Fact: Edward Snowden is an American hero.

Ok, perhaps that’s more a matter of opinion — but the perception of Edward Snowden is a global issue. The famous dissenter blew the whistle on an invasive NSA surveillance program back in 2013 and our country’s awareness of the government keeping tabs on us has been heightened ever since.

Some accused Snowden of espionage and traitorous activity; others call him a hero. The U.S. government still isn’t very fond of him: he’s currently still holed up in Russia, desperately trying to get a pardon from our nation as I write this. He’s not the only one making a case for the ethical necessity of his 2013 information leak: director Oliver Stone stands firmly by him with this week’s “Snowden.”

Stone is no stranger to capturing essential moments of American history in cinema — he’s the filmmaker behind the seminal movies “Platoon,” “Wall Street,” and “JFK” — but he’s been in somewhat of a creative slump for the past decade. Aside from a well-regarded TV series, Stone’s last handful of projects has been middling or nonessential. “Snowden” is immediately essential due to the still fresh, still ongoing events on which it’s based. But how is it as a movie?

“Snowden” has three primary missions: to show just how Snowden became a willing whistleblower, to solidify his status as a patriot, and to humanize him through his relationship with his girlfriend. The latter two goals are accomplished in spite of the first: Snowden’s emotional depth shines most optimistically when it’s a break from tedium.

“Snowden” the film is just as multifaceted as Snowden the person, but that’s not always a safe bet for a two hour movie. Its tone rises and falls randomly between history lesson and narrative drama, never quite finding a comfortable middle ground. Long segments of the movie are primarily concerned with conveying every possible detail of Snowden’s life. These grow tiresome after a while. They have an intrinsic significance thanks to the story’s exciting relevance, but I doubt these scenes will be just as compelling years from now.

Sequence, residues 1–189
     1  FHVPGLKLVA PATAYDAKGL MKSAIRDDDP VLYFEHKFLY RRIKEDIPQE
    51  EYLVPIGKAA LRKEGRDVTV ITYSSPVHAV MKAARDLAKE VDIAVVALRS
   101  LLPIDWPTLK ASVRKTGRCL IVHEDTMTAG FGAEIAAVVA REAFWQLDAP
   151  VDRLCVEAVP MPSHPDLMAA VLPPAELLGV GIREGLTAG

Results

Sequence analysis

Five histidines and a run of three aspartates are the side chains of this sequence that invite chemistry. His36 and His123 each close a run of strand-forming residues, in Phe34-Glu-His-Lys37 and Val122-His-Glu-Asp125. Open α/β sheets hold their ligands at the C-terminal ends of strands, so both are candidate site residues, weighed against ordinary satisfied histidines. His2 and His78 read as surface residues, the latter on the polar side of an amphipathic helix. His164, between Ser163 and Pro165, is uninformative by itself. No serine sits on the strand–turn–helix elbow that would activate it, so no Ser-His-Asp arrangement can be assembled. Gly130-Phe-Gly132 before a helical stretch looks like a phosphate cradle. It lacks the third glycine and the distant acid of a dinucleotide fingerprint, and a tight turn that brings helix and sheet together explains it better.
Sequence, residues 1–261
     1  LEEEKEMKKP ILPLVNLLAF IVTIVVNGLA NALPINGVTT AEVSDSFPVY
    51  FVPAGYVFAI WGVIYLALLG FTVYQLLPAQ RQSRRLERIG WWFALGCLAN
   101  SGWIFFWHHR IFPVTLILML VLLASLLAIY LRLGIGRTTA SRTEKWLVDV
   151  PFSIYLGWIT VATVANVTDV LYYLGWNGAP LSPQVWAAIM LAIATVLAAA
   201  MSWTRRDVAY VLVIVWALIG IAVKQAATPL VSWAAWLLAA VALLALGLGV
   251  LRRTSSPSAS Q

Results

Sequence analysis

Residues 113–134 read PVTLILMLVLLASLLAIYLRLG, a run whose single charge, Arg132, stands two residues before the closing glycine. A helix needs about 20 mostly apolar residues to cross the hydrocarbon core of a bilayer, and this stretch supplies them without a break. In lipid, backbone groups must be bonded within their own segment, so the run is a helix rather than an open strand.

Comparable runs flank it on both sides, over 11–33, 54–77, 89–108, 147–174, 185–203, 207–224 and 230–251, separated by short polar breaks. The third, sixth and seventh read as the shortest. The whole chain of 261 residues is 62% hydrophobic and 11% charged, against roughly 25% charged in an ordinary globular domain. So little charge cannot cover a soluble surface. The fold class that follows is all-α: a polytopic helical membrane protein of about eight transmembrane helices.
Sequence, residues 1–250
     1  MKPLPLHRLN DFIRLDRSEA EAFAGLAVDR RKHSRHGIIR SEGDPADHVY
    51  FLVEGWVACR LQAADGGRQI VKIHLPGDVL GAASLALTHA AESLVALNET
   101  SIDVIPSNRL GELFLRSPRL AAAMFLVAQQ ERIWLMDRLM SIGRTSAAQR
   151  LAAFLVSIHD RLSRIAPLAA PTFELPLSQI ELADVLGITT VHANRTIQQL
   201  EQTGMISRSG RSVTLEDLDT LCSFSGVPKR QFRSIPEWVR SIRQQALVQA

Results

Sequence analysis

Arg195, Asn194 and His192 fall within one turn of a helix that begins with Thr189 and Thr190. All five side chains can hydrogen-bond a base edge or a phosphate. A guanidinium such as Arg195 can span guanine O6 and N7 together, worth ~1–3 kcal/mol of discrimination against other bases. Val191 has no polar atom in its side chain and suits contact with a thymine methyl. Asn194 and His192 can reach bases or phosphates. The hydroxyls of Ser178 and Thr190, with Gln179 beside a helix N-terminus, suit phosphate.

When “Snowden” isn’t trying to be “Citzenfour” (the outstanding documentary about Snowden that Melissa Leo’s camera-toting character is making during this film) plus Joseph Gordon-Levitt, we get a little Shailene Woodley in the mix, and the film is revitalized.

Woodley plays Lindsay Mills, Edward Snowden’s longtime girlfriend. The media objectified Mills after Snowden’s initial dissent, but the movie’s screenplay does much to flesh her out as an audacious fighter and loving partner. Careful portrayal of the relationship between Snowden and Mills adds a dimension of fallible personhood to the titular man. Romanticism repeatedly breathes life into the complex narrative, helping the film thrive on a personal touch.

Even aside from this relationship, “Snowden” succeeds when it submits to sentimentality. The film’s thematic purpose is strong near the beginning when we discover Snowden’s passion for America and value of patriotism. This is lost during the monotonous middle, but by the end of the film Oliver Stone graciously makes the same statement Snowden himself does: America is great, and keeping it accountable will make it greater. It’s sweet; it’s true.

“Snowden” isn’t a great film — the soundtrack feels oddly mismatched, the performances range from nuanced to just muted — but it’s about an exemplary American. If “Snowden” buzz helps bring him home, seeing it is a service to our country.

★★★ (3 out of 5)